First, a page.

Effect of Modification of Poly(vinyl alcohol) Hydrogels on Mouse Fibroblast Cell Growth in Culture
Hydrogels prepared by crosslinking of natural or synthetic polymers have many biomedical applications. In the treatment of severe skin defects caused by disease or accidents, it is desirable to have the hydrogel surface modified to support cell growth which may enhance healing. To prepare and test such an hydrogel in vitro, 5 g of poly (vinyl alcohol) granules were suspended in 40 mL ethanol for reaction with 9 g of glycidyltrimethyl ammonium chloride at 60°C for 6 hr to graft the trimethyl-2-hydroxyaminopropyl (abbrev. TMHAP) function onto some of the hydroxyl groups. The 5 g of modified poly(vinyl alcohol) granules was then dissolved in 35 mL of water and 3.6 mL of 10 N sodium hydroxide for crosslinking by 2.8 g of epichlorohydrin to form a gel sheet in 20 hr having about 2% solids content. The amount of TMHAP groups thereon was determined by exchange of the chloride ions with a 10% sodium sulfate solution, followed by titration with silver nitrate using potassium chromate as indicator. Hydrogels with about 0.15 mM TMHAP group/g dry solid and diameter of 3.5 cm were inoculated with about 2 × 105 cells. On the next day, 20% of the cells attached thereto grew to 1.6, 3.1, and 6.5 × 105 cells on days 3, 5, and 7, respectively. The growth depended on the pre-conditioning of the hydrogel in culture medium and frequency of its change, but much less on cell inoculation density.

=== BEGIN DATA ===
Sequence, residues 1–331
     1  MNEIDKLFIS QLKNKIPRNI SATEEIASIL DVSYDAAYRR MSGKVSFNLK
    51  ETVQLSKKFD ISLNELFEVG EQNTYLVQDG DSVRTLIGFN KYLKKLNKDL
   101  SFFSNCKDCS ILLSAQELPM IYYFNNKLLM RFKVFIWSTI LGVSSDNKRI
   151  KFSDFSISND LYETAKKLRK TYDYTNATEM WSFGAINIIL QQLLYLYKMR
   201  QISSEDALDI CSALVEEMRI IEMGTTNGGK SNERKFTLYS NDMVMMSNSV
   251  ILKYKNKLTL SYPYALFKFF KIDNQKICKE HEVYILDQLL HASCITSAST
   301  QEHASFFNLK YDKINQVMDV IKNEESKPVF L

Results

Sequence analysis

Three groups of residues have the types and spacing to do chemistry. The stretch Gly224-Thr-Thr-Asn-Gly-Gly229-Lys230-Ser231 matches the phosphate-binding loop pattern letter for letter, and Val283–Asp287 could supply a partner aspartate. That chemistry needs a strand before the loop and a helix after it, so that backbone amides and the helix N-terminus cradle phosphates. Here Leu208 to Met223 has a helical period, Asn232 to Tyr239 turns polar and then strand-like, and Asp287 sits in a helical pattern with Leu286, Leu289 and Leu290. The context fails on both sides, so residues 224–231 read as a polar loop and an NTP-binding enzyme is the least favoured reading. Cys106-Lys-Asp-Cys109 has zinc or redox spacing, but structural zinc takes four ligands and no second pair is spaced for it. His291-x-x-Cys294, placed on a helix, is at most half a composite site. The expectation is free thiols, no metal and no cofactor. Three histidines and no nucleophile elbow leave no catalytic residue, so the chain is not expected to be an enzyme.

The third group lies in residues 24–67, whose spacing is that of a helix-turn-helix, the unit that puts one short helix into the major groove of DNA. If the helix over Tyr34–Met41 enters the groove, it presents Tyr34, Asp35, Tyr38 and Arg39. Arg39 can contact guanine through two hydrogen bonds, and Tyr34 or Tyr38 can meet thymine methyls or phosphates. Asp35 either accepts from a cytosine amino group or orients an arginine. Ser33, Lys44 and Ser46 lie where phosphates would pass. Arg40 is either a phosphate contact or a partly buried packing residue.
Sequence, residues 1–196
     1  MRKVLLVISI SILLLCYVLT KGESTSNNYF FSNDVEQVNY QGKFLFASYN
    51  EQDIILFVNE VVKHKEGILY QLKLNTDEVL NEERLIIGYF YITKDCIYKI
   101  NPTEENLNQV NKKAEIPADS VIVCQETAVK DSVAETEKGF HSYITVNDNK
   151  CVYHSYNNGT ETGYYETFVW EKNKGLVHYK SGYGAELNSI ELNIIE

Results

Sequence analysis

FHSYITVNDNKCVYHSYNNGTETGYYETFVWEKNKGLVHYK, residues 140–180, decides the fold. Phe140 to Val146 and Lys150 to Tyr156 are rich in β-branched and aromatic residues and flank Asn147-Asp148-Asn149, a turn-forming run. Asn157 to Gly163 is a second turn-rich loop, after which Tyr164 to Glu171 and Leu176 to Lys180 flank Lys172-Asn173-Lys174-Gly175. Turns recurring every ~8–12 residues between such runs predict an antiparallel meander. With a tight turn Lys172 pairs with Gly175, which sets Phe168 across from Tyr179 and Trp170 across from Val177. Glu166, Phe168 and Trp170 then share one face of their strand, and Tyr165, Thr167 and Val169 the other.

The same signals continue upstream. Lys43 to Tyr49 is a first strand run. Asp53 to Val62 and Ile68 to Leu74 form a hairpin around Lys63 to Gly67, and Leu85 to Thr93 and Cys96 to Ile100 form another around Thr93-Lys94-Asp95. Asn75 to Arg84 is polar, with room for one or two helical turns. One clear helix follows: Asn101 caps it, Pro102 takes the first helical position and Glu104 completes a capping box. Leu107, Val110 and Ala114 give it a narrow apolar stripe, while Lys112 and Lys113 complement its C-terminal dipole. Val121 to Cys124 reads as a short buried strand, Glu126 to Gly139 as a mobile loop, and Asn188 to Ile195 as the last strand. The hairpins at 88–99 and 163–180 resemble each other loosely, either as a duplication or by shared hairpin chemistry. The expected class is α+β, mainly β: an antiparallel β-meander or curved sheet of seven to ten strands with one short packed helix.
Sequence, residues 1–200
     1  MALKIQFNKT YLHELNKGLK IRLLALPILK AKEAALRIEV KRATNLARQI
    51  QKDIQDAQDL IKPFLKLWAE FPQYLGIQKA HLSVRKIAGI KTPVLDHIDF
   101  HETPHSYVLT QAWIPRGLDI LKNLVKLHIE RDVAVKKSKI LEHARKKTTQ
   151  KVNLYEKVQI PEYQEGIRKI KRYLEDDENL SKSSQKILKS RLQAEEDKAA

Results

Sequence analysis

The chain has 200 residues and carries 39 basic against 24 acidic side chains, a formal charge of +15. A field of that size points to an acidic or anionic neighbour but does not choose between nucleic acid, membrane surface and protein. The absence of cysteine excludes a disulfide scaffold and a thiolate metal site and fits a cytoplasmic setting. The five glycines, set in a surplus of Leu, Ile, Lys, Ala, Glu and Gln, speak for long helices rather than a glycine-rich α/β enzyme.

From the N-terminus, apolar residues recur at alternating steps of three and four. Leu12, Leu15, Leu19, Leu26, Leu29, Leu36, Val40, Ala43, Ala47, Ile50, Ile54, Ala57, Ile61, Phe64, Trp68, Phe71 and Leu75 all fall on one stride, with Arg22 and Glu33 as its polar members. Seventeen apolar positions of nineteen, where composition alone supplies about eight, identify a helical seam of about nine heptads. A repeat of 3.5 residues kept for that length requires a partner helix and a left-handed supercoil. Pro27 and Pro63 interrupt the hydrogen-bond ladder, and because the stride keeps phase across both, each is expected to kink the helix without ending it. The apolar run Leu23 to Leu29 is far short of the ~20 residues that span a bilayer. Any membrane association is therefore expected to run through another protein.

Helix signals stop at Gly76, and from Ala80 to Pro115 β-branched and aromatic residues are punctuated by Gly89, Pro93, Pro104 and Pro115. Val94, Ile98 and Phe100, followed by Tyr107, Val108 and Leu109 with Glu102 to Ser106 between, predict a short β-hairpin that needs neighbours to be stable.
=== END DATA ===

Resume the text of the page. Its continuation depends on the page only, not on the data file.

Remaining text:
KeywordsSolid Content Polyvinyl Acetate Vinyl Alcohol Trimethyl Ammonium Chloride Potassium Chromate
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